14 Aug 2020

Vanuatu chicken farmer challenges visa denial over gun

5:09 pm on 14 August 2020

The owner of one of the biggest poultry farms in Vanuatu says he doesn't understand why his visa has been cancelled after living in the country for 11 years.

Kenneth Wayne Thode

Kenneth Wayne Thode Photo: RNZ Pacific / Hilaire Bule

Chico Farm's Kenneth Thode was told in June that his visa had been cancelled but he said he was challenging that decision.

Thode was told he had threatened staff and neighbours with a rifle which caused concern among the people of Vanuatu.

He said the issue seemed to be around an incident involving a firearm last year when he tried to chastise staff over theft and growing marijuana on the farm.

"So I brought them down to have a meeting. I had everyone around.

"I thought I would do something different here so I went to my gun locker, I had taken my gun out which was unloaded and I handed it to the boy and I said 'ok just shoot me, you wanna grow marijuana on my property well just shoot me!'"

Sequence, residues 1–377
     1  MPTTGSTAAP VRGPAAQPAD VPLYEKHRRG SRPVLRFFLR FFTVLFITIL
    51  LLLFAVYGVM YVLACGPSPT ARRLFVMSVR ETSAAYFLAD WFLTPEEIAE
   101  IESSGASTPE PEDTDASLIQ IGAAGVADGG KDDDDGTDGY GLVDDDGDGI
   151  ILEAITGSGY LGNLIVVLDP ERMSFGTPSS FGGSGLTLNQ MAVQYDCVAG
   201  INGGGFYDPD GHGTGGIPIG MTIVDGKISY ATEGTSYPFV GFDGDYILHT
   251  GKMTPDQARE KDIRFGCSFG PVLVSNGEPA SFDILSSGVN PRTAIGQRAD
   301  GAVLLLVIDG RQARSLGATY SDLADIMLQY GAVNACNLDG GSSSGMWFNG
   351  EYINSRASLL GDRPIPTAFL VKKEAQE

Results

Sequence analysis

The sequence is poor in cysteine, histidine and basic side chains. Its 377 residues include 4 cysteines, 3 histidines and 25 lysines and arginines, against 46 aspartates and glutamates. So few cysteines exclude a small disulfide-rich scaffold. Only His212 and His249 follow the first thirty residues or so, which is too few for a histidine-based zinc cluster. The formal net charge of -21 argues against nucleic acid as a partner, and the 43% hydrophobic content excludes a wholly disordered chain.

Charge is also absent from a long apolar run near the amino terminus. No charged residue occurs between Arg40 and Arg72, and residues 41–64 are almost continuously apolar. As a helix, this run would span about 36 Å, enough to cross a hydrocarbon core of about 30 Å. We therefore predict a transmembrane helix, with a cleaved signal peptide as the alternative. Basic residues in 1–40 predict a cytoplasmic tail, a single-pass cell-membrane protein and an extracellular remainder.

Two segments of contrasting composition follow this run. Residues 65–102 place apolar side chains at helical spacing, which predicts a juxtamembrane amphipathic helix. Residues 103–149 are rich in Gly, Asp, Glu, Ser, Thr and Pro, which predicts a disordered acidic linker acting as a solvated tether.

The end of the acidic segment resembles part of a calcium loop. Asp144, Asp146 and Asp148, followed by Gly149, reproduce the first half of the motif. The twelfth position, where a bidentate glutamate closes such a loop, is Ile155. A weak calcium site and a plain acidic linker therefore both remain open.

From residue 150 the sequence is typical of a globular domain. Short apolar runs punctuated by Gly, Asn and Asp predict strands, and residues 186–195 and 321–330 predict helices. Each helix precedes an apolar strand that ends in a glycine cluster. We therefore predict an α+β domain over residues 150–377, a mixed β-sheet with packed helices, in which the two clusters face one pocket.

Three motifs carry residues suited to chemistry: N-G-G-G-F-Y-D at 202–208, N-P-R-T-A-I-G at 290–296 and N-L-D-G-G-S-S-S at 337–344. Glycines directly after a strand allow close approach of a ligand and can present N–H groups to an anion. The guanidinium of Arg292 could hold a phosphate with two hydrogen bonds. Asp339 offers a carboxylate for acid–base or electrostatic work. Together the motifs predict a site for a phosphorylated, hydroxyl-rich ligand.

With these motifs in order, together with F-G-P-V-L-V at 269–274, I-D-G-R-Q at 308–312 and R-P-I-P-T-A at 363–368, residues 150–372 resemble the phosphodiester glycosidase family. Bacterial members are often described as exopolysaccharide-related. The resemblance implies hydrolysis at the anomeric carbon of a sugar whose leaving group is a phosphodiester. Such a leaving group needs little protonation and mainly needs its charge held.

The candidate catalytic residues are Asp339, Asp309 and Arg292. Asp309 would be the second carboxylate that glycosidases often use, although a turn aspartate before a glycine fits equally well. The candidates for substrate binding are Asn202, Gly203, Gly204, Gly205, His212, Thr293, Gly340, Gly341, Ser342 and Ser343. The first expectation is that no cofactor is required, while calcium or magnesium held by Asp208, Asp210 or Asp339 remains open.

The Australian national claimed the incident was to highlight the seriousness of repeated instances of theft from the property and the drug cultivation.

He said it appeared to have the desired affect and the meeting ended with him showing the youth how to shoot the gun.

Thode called on police and other authorities to investigate the matter so he could be cleared.

However in the meantime he was adamant he was not going anywhere.

Thode said he had shown his commitment to Vanuatu through the investment of nearly $US9 million over the years and the resumption of his business after the devastation caused by Cyclone Pam in 2015.

"Now no one expected Chico to come back," he said.

"You got to believe in yourself and I do believe in myself and I do believe in the cause of what I am doing and that is building the poultry industry for Vanuatu.

"I'm going nowhere. I'm going to finish what I started."

Ken Thode's Chico chicken farm

Ken Thode's Chico chicken farm Photo: RNZ Pacific / Hilaire Bule